While Pope Benedict voiced his revulsion at the sexual abuse scandal for the first time yesterday, it is important to understand that the genesis of his statements went back to a meeting that took place more than four years ago, not with other bishops, but with leaders of the lay review board set up to keep an eye on how the American hierarchy was complying with their own guidelines.
A well-respected Chicago jurist, Anne Burke, was then named to lead the blue-ribbon panel of 13 lay leaders, and while she was more politic in public, she found it tough going as she tried to arrange meetings with various bishops about the issue. She got nowhere, and in frustration, Burke and other board members started calling and faxing various Vatican offices asking if they could fly over, at their own expense, to meet with them. A few offices responded, among them the Congregation for the Doctrine of the Faith, headed by Cardinal Joseph Raztinger.
The National Lay Review Board, as it is known, had a rocky start, as the first head, former Oklahoma governor Frank Keating (now a Catholic advisor to John McCain) was sent packing after comparing the bishops to the Mafia–always a fast way to the bad side of the episcopacy.
In January 2004, Burke and several other board members met with Ratzinger and his aides in his offices, for a full two-and-a-half hours. They set out the scope and depth of the scandal, which Ratzinger (and other Vatican officials) said they had not known. The U.S. bishops, Burke said, weren’t giving the Vatican the full story. Ratzinger listened attentively, and at the end of the meeting stood up and promised the lay leaders he would get back to them. His time and response was something that one of the cardinal’s top aides told Burke was very unusual.
“Cardinal Ratzinger was far more open to meeting with members of the national review board than our own bishops and cardinals,” Burke later told Newsday. Burke said Ratzinger was very engaged in the topic, beyond the fact that his department was charged with dealing with most cases to determine whether a priest should be defrocked, or “laicized” in church terms. “He took in everything we had to say and answered our questions. And we pulled no punches: We told him what was going on in terms of the extent of the actual abuse by the priests and about our dismay with the U.S. church hierarchy.”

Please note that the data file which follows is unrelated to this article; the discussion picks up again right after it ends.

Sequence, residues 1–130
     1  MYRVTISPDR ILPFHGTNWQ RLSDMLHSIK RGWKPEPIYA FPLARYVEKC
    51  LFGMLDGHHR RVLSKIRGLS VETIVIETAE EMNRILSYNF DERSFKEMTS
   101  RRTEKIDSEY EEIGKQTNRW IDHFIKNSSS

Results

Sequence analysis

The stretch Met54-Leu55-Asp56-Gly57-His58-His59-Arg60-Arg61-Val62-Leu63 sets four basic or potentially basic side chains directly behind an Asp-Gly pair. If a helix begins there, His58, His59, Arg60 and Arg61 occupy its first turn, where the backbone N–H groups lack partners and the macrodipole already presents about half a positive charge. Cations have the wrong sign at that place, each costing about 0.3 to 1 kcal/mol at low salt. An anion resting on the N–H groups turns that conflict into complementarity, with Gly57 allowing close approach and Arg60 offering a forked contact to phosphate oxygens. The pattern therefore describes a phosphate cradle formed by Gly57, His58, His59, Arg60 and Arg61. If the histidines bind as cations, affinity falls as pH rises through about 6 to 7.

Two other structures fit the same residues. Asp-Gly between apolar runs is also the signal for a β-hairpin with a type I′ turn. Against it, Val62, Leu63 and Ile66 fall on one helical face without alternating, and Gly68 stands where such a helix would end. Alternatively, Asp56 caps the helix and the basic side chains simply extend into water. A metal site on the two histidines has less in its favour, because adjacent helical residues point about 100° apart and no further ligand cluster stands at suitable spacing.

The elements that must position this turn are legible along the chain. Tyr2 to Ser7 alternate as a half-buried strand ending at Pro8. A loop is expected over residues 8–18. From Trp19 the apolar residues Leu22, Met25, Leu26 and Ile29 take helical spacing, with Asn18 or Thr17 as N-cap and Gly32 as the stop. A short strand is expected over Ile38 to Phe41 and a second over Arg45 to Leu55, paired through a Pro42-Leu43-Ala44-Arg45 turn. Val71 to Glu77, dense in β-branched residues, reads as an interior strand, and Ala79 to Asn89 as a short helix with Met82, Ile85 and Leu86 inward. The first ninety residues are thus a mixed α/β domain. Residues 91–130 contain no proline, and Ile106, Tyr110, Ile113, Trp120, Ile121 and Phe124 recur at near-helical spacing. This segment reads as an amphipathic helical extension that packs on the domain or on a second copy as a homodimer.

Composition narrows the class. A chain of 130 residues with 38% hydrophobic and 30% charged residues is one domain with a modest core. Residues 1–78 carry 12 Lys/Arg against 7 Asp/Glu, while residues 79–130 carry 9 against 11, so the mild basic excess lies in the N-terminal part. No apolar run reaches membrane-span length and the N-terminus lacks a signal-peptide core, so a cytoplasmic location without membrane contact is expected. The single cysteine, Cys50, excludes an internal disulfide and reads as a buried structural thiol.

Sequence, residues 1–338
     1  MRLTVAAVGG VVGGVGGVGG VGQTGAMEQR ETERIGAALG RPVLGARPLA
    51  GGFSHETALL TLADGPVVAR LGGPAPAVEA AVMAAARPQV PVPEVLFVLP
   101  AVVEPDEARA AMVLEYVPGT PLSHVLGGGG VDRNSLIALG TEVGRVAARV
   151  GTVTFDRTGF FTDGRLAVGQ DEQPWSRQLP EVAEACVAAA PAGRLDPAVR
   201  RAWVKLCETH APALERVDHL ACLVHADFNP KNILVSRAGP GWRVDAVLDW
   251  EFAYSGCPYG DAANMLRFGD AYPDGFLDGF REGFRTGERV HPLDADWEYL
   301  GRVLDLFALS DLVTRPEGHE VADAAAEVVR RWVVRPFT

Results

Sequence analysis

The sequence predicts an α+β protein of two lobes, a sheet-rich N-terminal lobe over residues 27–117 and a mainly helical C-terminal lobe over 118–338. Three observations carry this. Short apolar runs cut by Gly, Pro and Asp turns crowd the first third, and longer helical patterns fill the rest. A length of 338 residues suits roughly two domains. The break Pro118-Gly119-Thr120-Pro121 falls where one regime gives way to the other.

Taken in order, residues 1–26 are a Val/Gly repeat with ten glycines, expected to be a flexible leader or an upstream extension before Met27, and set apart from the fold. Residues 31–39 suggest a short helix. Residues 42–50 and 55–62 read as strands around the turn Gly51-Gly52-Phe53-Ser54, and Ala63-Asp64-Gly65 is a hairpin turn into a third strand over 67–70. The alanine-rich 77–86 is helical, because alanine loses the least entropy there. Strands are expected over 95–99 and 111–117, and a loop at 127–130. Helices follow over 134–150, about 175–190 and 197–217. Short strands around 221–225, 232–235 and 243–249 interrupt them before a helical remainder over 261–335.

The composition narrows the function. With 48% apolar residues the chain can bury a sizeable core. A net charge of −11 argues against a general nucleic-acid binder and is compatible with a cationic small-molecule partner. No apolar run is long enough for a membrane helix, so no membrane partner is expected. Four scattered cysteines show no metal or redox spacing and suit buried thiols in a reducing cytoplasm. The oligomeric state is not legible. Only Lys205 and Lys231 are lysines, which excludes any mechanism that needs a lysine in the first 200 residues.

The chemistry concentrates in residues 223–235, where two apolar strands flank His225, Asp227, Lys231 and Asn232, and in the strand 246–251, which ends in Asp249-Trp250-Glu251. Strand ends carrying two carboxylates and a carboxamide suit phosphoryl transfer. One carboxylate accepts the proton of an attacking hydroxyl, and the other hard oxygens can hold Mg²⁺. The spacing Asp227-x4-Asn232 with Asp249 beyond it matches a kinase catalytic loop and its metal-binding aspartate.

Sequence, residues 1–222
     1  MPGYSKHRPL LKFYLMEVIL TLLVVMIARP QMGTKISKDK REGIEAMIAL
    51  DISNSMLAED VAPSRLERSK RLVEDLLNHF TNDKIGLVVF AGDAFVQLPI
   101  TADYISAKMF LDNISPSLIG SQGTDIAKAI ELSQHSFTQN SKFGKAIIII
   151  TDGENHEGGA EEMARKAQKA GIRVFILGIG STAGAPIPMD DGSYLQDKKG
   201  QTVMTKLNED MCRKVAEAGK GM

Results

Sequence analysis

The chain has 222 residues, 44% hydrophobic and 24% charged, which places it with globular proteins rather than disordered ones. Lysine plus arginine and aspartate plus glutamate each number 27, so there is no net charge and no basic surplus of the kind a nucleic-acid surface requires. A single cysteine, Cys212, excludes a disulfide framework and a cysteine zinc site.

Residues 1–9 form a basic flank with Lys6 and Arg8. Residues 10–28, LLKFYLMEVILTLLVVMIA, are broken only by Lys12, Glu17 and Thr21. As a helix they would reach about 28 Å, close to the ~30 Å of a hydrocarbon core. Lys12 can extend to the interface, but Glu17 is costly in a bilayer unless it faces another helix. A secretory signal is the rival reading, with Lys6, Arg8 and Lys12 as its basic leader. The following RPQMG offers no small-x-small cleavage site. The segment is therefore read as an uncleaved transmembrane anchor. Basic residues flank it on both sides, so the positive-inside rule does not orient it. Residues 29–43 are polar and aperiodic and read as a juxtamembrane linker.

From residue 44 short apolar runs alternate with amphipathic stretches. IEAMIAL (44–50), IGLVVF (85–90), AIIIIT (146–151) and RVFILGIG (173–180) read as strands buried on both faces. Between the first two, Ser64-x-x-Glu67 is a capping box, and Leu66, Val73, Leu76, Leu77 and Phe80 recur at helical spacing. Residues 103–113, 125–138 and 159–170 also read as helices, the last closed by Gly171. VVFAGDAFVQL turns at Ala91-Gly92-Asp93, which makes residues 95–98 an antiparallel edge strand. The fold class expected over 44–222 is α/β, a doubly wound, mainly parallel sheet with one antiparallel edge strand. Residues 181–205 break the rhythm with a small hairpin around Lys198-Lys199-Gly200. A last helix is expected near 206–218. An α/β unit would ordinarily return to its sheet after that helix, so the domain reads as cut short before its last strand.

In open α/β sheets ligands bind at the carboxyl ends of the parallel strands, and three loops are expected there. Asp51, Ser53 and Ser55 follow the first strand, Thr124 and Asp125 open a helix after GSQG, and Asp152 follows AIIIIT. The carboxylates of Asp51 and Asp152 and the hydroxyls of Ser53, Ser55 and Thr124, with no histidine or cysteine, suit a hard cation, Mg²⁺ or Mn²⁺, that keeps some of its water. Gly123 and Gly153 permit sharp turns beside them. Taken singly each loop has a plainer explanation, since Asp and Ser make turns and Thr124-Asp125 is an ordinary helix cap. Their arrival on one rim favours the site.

(It was also characteristic of Cardinal Ratzinger’s personal, pastoral solicitude that he wrote Burke a warm letter after her 30-year-old son was killed in a snowmobile accident the next month. “He had heard of the sad news of my son and he expressed his sorrow and condolences, and reminded us to have consolation in our faith,” Burke said. “It was a very, very beautiful note. I still have it.”)
Until then, Ratzinger had been one of the many bishops, especially at the Vatican, who defensively depicted the reports of abuse as exaggerated and overhyped creations of an American media industry that he viewed as inherently biased against the church.
After his meetings with Burke et al, he changed his tune. In delivering the Good Friday meditations in Rome a year later, he decried, in his characteristically Augustinian manner, the “filth in the church…even among those who, in the priesthood, ought to belong entirely to [Christ]”–a clear reference to abusive priests.
He also seemed to refer to the priesthood when he said: “The soiled garments and face of your church throw us into confusion. Yet it is we ourselves who have soiled them! It is we who betray you time and time again.” That echoes a comment he blurted to a fellow bishop earlier that year, when they were talking about the scandal and the Cardinal said, intensely, “It is we priests, us, we must stop this!”
Ratzinger also took steps to accelerate the process for laicizing offending clerics. In fact, there was such a glut of cases and appeals by accused priests as a result of the tough new policy that at one point the CDF, which became the chief arbiter of the cases, reportedly had a backlog of some 700 cases.
He said nothing about the issue for the first three years of his pontificate. But when he broke his silence yesterday, his words were powerful perhaps because they were so long in the making.